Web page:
Breaking News Bar
updated: 6/14/2018 4:20 PM

Musk's Express Loop predicted to be 'big win' for Des Plaines, Rosemont

hello
Success - Article sent! close
  • Chicago Mayor Rahm Emanuel, left, listens as Tesla CEO and Boring Company founder Elon Musk speaks at a news conference Thursday in Chicago. The Boring Company has been selected to build a high-speed underground transportation system that it says will whisk passengers from downtown Chicago to O'Hare International Airport in mere minutes.

    Chicago Mayor Rahm Emanuel, left, listens as Tesla CEO and Boring Company founder Elon Musk speaks at a news conference Thursday in Chicago. The Boring Company has been selected to build a high-speed underground transportation system that it says will whisk passengers from downtown Chicago to O'Hare International Airport in mere minutes.
    Associated Press

  • Tesla CEO and Boring Company founder Elon Musk, right, and Mayor Rahm Emanuel speak at a news conference Thursday in Chicago.

    Tesla CEO and Boring Company founder Elon Musk, right, and Mayor Rahm Emanuel speak at a news conference Thursday in Chicago.
    Associated Press

  • Elon Musk

    Elon Musk
    Associated Press

  • The area below Chicago's Block 37 at State and Washington streets is in the mix as a potential site for express train service to O'Hare.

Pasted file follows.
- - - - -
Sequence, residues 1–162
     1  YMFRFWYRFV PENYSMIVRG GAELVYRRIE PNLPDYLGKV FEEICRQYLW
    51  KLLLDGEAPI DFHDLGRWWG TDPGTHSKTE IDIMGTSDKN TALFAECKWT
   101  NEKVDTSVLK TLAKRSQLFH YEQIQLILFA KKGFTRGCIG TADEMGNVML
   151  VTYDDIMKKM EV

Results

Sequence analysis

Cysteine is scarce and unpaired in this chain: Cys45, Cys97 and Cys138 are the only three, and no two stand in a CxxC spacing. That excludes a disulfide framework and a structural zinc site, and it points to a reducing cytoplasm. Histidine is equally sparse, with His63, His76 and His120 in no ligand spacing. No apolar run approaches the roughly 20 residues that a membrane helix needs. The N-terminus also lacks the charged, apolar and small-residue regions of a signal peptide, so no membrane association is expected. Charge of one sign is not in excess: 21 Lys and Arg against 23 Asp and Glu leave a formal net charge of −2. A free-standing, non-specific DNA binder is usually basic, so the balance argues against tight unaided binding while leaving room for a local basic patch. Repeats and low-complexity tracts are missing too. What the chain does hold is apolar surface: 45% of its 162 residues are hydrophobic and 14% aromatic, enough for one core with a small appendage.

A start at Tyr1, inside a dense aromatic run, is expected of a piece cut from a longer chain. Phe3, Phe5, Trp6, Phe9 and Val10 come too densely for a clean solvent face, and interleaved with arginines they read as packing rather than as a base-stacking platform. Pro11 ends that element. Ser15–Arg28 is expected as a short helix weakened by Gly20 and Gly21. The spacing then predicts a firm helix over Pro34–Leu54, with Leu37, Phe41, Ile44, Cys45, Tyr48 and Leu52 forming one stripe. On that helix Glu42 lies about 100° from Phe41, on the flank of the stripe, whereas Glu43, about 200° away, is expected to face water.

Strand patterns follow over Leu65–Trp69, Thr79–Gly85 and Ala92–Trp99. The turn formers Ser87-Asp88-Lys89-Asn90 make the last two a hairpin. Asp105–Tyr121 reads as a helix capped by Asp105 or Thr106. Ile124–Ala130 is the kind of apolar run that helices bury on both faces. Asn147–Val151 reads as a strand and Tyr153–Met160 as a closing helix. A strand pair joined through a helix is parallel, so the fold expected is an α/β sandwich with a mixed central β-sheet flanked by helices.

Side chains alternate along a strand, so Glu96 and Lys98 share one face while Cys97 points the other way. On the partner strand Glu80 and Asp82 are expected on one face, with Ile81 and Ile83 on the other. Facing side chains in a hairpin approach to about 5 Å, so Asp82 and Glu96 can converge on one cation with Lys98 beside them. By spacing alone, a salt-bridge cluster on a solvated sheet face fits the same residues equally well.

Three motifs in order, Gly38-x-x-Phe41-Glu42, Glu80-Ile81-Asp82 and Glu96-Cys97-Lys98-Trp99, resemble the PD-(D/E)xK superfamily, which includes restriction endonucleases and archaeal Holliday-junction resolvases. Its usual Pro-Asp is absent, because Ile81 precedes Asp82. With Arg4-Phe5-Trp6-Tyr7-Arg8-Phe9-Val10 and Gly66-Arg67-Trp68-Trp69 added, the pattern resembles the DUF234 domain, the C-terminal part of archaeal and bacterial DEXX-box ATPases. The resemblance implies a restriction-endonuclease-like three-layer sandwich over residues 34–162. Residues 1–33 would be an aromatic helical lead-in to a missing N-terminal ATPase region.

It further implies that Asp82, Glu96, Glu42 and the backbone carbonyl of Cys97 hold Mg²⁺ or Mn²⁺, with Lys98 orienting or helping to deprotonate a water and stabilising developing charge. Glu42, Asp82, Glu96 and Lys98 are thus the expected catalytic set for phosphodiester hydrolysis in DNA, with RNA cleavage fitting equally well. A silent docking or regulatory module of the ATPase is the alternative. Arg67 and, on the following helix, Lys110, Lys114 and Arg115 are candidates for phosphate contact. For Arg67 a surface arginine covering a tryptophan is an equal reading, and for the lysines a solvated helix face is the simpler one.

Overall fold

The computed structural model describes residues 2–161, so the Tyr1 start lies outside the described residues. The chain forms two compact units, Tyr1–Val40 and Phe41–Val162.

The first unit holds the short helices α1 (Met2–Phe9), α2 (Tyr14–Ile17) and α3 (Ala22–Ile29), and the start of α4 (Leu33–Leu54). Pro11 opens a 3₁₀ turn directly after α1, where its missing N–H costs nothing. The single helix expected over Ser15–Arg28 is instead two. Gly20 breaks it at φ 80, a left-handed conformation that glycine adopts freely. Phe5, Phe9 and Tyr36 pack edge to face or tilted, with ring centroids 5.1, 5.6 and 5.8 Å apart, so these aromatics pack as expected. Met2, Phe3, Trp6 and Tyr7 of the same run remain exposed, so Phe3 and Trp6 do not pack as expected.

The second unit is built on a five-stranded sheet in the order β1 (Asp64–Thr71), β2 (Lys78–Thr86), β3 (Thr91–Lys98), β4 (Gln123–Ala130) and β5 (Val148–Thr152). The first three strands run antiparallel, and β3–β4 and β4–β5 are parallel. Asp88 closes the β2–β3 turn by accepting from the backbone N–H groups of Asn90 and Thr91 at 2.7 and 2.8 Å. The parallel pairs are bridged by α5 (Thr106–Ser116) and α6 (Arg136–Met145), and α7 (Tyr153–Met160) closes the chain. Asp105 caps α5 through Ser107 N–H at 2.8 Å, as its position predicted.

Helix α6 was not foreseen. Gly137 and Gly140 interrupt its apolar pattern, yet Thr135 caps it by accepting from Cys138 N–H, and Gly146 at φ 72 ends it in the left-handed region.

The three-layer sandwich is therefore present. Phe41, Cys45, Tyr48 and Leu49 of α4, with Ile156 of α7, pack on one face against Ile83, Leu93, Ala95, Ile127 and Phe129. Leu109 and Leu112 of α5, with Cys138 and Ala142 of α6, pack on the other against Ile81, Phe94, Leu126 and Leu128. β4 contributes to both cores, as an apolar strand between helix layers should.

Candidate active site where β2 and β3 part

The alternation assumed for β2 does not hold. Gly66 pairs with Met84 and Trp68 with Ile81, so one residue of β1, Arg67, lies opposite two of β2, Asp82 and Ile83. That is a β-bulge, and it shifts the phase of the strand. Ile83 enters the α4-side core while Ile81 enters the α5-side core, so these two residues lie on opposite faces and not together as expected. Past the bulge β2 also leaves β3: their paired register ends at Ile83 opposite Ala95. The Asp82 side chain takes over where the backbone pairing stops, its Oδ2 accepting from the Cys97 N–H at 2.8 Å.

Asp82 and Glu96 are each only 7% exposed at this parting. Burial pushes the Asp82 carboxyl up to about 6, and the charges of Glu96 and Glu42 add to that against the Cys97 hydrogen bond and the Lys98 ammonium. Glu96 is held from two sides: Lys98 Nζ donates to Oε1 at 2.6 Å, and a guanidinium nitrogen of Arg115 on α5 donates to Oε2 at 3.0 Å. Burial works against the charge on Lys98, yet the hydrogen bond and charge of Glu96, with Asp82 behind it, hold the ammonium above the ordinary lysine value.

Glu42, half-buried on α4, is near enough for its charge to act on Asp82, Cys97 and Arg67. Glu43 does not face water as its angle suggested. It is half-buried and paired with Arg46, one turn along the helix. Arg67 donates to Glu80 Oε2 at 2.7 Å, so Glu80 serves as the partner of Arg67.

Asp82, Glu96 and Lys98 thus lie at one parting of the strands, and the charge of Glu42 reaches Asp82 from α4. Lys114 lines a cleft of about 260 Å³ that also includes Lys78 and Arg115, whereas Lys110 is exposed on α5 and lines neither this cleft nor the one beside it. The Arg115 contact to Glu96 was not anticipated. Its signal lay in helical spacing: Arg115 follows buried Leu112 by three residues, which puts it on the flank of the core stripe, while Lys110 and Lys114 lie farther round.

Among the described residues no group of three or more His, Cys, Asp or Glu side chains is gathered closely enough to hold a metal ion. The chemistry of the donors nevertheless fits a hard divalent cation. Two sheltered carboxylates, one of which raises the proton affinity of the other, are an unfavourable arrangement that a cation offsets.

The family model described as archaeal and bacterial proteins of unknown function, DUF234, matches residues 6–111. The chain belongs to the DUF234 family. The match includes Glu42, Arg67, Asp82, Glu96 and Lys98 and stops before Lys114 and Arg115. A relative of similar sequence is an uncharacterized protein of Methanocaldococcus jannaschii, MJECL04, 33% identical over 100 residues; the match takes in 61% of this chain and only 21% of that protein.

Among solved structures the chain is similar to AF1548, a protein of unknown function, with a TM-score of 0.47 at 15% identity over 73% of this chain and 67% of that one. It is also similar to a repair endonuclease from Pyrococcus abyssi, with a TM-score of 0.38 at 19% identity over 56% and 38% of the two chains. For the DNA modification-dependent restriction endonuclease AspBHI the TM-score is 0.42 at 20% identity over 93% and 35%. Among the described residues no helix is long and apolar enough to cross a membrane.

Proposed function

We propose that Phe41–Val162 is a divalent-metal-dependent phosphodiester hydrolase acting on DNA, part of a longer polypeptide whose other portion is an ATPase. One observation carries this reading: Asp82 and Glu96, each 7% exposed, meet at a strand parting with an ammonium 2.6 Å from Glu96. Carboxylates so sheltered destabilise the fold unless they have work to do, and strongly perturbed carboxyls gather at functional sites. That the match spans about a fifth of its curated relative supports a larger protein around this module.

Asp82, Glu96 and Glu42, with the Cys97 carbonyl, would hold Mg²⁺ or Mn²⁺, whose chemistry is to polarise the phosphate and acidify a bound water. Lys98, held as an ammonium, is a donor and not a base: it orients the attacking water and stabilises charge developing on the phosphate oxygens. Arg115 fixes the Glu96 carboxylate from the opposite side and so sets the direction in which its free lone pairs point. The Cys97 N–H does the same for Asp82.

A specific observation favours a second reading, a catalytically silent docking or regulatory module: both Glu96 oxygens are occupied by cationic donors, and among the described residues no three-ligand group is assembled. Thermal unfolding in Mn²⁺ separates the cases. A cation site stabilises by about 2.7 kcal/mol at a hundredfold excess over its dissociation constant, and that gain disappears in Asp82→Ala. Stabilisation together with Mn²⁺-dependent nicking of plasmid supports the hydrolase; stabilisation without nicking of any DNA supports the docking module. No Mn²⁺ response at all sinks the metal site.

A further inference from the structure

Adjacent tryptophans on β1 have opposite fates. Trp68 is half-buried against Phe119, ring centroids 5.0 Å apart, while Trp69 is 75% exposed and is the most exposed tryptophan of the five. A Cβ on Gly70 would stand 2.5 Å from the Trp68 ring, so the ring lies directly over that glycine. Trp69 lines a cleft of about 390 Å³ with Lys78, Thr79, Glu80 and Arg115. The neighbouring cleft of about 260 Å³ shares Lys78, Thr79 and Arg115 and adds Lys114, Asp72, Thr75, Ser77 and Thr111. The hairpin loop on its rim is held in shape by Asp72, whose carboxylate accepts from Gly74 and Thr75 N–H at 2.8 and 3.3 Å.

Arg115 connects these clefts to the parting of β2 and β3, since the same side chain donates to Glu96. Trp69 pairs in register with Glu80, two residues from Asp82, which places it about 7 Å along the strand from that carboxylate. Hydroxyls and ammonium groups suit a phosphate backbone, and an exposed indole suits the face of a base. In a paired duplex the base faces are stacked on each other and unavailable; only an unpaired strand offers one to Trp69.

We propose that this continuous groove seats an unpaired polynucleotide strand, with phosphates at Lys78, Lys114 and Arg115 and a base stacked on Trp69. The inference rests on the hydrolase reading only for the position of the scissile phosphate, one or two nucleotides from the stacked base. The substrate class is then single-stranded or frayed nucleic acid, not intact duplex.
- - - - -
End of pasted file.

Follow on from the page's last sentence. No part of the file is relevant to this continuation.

The area below Chicago's Block 37 at State and Washington streets is in the mix as a potential site for express train service to O'Hare.
    Chicago Sun-Times

  • Chicago Mayor Rahm Emanuel, left, listens as Tesla CEO and Boring Company founder Elon Musk, right, speaks at a news conference Thursday in Chicago. The Boring Company has been selected to build a high-speed underground transportation system that it says will whisk passengers from downtown Chicago to O'Hare International Airport in mere minutes.

    Chicago Mayor Rahm Emanuel, left, listens as Tesla CEO and Boring Company founder Elon Musk, right, speaks at a news conference Thursday in Chicago. The Boring Company has been selected to build a high-speed underground transportation system that it says will whisk passengers from downtown Chicago to O'Hare International Airport in mere minutes.
    Associated Press

  • This undated artist's rendering shows part of a proposed high-speed underground transportation system that will transport passengers from downtown Chicago to O'Hare International Airport.

    This undated artist's rendering shows part of a proposed high-speed underground transportation system that will transport passengers from downtown Chicago to O'Hare International Airport.
    The Boring Company via AP

  • This undated artist's rendering shows an electric public transportation vehicle that is part of a proposed high-speed underground transportation system that will transport passengers from downtown Chicago to O'Hare International Airport.

    This undated artist's rendering shows an electric public transportation vehicle that is part of a proposed high-speed underground transportation system that will transport passengers from downtown Chicago to O'Hare International Airport.